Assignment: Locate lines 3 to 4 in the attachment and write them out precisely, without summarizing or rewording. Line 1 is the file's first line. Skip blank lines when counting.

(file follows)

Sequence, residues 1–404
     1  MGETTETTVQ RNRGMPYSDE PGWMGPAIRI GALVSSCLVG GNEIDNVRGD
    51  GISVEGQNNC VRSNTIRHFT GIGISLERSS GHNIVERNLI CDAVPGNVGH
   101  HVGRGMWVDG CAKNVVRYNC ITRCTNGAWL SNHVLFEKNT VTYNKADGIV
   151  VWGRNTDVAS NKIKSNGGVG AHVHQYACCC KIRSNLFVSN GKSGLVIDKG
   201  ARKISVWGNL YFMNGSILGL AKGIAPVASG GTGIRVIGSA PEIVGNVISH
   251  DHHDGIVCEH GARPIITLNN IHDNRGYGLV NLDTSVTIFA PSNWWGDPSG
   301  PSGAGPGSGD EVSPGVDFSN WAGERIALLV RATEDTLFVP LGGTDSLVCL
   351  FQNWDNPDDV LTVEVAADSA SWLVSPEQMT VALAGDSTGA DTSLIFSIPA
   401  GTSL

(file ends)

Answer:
    51  GISVEGQNNC VRSNTIRHFT GIGISLERSS GHNIVERNLI CDAVPGNVGH
   101  HVGRGMWVDG CAKNVVRYNC ITRCTNGAWL SNHVLFEKNT VTYNKADGIV